If you have some knowledge about buildings and construction, you may choose to do the new build snagging survey yourself. Of course, this means you’ll also be able to save yourself a little money in the process. If you do decide to undertake this survey yourself, you will need to make arrangements with the property developer to let you on site.
If you do not have a thorough understanding of buildings and construction, we recommend that you hire a professional, verified surveyor in order to conduct your snagging checklist. To do this you will be best placed to find a surveyor specialising in working with new build homes.
Although there are no specific qualifications in creating snagging lists, working with a surveyor that has experience and understanding of new properties will put you in a good position when moving into negotiations with the developer. However, if you do decide to do a DIY snagging list, here are just a few of the questions you should be asking yourself whilst inspecting your new build home:
- Do the roof tiles look cracked or loose?
- Are the drains blocked?
- Has the brickwork and paintwork been finished accurately?
- Do all the doors and windows open and shut correctly?
- Are the stairs even?
- Is there enough loft insulation?
- Have the skirting boards been fitted correctly?
- Are all the gates and fences safe?
- Are there any gaps in the door frames?
- Is the kitchen and bathroom up to my standards?
- Are the roof and floors adequately insulated?
How Much Will a Snagging Survey Cost?
Depending on the size of the new build property, a snagging survey will cost between £300 to £600. Given that most new houses in the UK are in the hundreds of thousands of pounds range, spending this little extra money to give yourself peace of mind is a worthwhile investment to ensure your new home is perfect and ready for you to move in. If you're prepared at an early enough stage, you may be able to reduce the sale price by the survey price so it costs you nothing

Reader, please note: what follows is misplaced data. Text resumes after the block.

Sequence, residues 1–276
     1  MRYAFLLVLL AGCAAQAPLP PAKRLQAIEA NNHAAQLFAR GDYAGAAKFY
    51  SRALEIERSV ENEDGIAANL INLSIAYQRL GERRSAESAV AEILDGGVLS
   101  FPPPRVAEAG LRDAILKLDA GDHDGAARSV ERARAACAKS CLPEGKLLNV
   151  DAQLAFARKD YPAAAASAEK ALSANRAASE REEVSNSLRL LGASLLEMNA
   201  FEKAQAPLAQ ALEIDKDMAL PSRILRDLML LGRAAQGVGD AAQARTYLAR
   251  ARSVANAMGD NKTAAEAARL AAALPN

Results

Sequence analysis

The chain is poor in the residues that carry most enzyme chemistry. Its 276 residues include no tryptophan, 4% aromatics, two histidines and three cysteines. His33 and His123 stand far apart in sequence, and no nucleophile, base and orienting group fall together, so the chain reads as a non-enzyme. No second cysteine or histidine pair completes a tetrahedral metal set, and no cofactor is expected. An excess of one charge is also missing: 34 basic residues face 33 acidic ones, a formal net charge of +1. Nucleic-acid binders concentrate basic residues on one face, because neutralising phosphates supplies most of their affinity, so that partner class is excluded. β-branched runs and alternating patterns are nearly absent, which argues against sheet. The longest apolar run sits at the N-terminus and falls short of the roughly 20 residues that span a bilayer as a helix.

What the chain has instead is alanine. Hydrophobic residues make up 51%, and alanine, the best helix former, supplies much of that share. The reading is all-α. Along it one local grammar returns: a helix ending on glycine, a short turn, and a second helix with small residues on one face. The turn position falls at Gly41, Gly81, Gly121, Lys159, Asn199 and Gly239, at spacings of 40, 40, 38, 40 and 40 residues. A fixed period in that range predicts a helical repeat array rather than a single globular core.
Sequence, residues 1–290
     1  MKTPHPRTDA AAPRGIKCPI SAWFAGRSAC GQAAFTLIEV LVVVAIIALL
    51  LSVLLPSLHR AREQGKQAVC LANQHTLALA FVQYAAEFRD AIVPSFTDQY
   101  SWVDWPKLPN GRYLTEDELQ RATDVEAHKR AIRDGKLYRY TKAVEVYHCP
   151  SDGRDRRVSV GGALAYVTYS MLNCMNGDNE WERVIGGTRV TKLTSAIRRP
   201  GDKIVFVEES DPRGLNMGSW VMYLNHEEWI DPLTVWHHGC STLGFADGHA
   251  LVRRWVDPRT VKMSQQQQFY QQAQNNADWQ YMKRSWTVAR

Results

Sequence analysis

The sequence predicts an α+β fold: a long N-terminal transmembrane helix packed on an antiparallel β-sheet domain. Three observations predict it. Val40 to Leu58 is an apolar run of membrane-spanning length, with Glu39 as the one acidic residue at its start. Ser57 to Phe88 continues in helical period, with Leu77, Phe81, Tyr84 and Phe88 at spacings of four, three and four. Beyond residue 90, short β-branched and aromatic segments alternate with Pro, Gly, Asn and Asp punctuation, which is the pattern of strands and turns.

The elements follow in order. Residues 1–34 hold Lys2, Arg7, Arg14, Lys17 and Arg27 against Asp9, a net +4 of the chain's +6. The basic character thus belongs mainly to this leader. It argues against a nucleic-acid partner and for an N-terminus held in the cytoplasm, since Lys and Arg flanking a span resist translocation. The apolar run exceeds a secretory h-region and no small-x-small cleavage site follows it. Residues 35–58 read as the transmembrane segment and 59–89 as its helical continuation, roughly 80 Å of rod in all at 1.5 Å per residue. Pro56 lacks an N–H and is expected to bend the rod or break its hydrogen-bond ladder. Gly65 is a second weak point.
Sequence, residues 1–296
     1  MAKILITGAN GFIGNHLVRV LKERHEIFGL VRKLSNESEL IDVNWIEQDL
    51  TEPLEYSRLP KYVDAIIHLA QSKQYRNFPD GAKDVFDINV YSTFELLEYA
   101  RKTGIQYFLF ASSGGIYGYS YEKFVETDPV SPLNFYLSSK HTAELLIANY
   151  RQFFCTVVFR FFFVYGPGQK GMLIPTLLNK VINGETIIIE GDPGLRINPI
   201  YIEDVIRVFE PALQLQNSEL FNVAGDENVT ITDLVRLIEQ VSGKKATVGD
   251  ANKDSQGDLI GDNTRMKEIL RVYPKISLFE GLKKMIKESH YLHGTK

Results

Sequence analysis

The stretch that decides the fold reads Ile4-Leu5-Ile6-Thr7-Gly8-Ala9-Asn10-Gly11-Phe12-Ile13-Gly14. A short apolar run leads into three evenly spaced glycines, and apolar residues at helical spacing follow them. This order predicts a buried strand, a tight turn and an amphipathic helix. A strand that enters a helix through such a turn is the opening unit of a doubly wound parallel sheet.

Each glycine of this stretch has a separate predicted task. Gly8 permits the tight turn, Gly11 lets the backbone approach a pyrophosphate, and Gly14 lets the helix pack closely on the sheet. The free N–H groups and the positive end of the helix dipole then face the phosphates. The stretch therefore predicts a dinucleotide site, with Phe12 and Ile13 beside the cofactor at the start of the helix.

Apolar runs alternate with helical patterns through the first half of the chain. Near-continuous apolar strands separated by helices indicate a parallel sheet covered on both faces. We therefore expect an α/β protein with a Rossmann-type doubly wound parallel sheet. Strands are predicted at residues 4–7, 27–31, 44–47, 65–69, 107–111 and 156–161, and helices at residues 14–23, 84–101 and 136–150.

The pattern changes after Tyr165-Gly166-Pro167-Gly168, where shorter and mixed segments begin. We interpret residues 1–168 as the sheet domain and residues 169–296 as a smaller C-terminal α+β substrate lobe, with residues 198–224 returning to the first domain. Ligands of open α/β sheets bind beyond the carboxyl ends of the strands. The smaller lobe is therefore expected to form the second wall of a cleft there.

If you do your snagging survey yourself then this should cost nothing, except the cost of your time and attention. However, if you miss anything, then this may cost you more in the long run as you eventually discover that certain areas need urgent repairs.
What Should I Do Once I Receive the Report?
When you get your snagging list back, you should read it very carefully. Although there may be notes on there about aspects that need remedying, these are not necessarily major. If notes have been made about potential issues, you should look over these thoroughly. If you do not understand the notes, a good surveyor will take the time to explain it to you.
When you receive your survey report, you should check whether your surveyor has also sent it to the housing developer or whether you will need to do that yourself. You will then be able to begin communication with the developer about how to move forward with the repairs and agree a timescale.
In most cases, the developer will be happy to deal with your snagging list results. It’s the responsibility of the housing company to remedy any faults that have been found. However, where conflict might occur is in the interpretation of a fault.
What you and your surveyor may see as a fault, the housing developer may see as a natural part of the building process, meaning they’ll refuse to remedy it. In these cases, it’s key to negotiate with the developer to ensure you are both happy with the overall condition of the home. Once these fixes have been made, you may want to get another survey undertaken in order to make sure that each issue has been remedied professionally and at an acceptable level. For more information, check out our guide on how to deal with bad survey results.
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We hope that you're now fully informed on every aspect of a Snagging List for your new build home. Remember, Compare My Move can save you both time and money on a range of survey types when the time comes to book a surveyor. Just fill in a quick and easy form, compare surveyors in your area, and save at a time when it matters most.